Delivery Room Tips Every Dad Should Know

Your partner is in excruciating pain. She is sweating, groaning, and squeezing your hand harder than you can believe possible. You’re telling her that she’s doing great, that you’re proud of her – but it is not working, and she’s just rolling her eyes. She’s miserable, and she’s not being very nice to you, to make matters worse. And it almost seems like it’s your fault, and she’s mad at you. You stand there and think, “What should I do?”

Dads play a crucial role, especially during labor and delivery. When mom is in labor, dads may feel overwhelmed and clueless about what to do and how to best help and support their partners at this particular time. So, what are the things dads should especially know during labor and delivery?

Here are some real-life tips and tricks that dads have shared:

  • Labor can take ages, and it’s incredibly draining for the mom that you might not recognize your wife at times. No matter how erratic her emotions seem or how to mean she might get, just try to be 101% supportive and give her whatever she needs within reason. Know that her erratic emotions are temporary and nothing personal.
  • Postpartum recovery can be pretty brutal, both physically and emotionally. Your partner will need your utmost patience and support more than ever. You and your partner may know what to expect with the birth, but you may be completely unprepared for how hard postpartum recovery can be.
  • Try and stay tuned to things that could make things harder, like having too many visitors. You can also ask her directly what support she needs. Be that guy if she needs you to be the bad guy and tell people not to come yet or wait a little longer.
  • Support her when it comes to feeding your newborn. If she chooses not to breastfeed, she may still have milk coming out regardless or be extremely swollen. Be involved and don’t hesitate to talk to experts about these scenarios.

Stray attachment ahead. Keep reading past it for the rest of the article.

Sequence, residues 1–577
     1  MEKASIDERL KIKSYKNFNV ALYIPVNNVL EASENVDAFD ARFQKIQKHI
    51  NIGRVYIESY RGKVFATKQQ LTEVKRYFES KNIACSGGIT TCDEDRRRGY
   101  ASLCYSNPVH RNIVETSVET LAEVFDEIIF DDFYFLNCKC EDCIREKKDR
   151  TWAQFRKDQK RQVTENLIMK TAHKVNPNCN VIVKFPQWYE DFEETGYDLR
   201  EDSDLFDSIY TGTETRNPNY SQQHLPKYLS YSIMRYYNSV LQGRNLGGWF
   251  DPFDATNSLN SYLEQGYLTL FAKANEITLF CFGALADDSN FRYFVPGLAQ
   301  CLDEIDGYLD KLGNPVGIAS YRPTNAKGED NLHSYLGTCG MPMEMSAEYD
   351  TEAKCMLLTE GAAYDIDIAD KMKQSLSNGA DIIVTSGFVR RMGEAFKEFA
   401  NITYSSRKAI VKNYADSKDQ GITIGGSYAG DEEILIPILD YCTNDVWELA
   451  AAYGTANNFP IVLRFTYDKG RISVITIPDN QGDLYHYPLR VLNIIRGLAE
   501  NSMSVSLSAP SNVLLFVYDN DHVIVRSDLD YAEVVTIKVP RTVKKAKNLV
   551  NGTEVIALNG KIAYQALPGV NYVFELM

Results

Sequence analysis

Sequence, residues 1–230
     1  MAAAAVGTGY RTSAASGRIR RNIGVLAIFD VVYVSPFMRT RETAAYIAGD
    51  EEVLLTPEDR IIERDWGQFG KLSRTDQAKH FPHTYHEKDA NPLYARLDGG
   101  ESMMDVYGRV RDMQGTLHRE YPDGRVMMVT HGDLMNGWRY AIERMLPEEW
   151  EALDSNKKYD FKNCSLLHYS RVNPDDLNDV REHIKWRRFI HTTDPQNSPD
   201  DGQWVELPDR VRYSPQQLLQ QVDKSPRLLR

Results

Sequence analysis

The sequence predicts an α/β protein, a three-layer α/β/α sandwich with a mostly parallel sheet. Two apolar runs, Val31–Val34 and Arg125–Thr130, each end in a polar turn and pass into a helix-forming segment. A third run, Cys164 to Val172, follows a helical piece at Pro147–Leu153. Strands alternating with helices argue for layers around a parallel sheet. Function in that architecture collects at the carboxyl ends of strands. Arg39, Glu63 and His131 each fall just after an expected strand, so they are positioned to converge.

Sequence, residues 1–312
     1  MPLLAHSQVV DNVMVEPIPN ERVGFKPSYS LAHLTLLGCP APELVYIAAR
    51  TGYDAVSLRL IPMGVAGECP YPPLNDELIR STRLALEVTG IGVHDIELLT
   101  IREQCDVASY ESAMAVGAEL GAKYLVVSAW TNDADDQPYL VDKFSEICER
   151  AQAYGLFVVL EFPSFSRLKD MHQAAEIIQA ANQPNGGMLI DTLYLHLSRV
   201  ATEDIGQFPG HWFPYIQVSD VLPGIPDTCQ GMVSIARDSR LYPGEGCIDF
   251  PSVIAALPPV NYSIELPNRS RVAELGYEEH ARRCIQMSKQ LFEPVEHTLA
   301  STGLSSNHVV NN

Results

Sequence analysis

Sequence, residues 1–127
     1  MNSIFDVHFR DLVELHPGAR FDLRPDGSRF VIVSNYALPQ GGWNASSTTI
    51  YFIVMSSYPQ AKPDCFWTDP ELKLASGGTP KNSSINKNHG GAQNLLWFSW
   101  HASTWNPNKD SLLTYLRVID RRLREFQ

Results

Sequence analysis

• Look for signs of postpartum depression or anxiety. She’s dealing a lot and barely sleeping. Here’s an article about supporting your partner through postpartum depression
  • Plans change. If you and your partner already have a birth plan, be prepared for surprises. Sometimes things don’t go according to plan. Make sure to calmly and firmly advocate for your partner. Make sure every option, any intervention, including risks and benefits, is explained. 
  • Try and bring the comforts of your home. You can get your own pillow, delivery gown, and a couple of robes. It will be so much better than hospital linen. Also, bring your own soap and shampoo to get that relaxing sensory experience. 
  • If you can, and if she allows you to, help her with her first shower after delivery. There may be blood and fluids, but it can be an intimate time, and she may need help and comfort.
  • Make sure you and your partner are fed and hydrated. You may not want to, but you may pass out. Plan what to do if this happens. At the very least, sit down with your head between your knees and try to excuse yourself from the room.
  • Do not say “eww” or “gross” or related words. Nor tell them that they pooped during the process. Do not tell them how tired or bored you are, and avoid complaining.
  • If your partner ever needs to have a C-section, they will wheel her out of the room and leave you for a few minutes while they prepare her. They will come and get you in time.
  • She may shake after birth, especially when the epidural is wearing off. It can be uncontrollable or violent at times. Don’t hesitate to call for help if you’re worried about it.

Remember that everything that happens from that first contraction will be about your partner. It’s perfectly ok to feel overwhelmed and confused, but try your best to be present during this moment when your partner greatly needs you. 

Just because you’re asking for advice and reading this article shows that you are healthily doing things and want to be the best partner and dad. Keep in mind to trust your gut as well as your wife’s. Prepare yourself, get in the moment and be there to help and support your partner in the best possible way.


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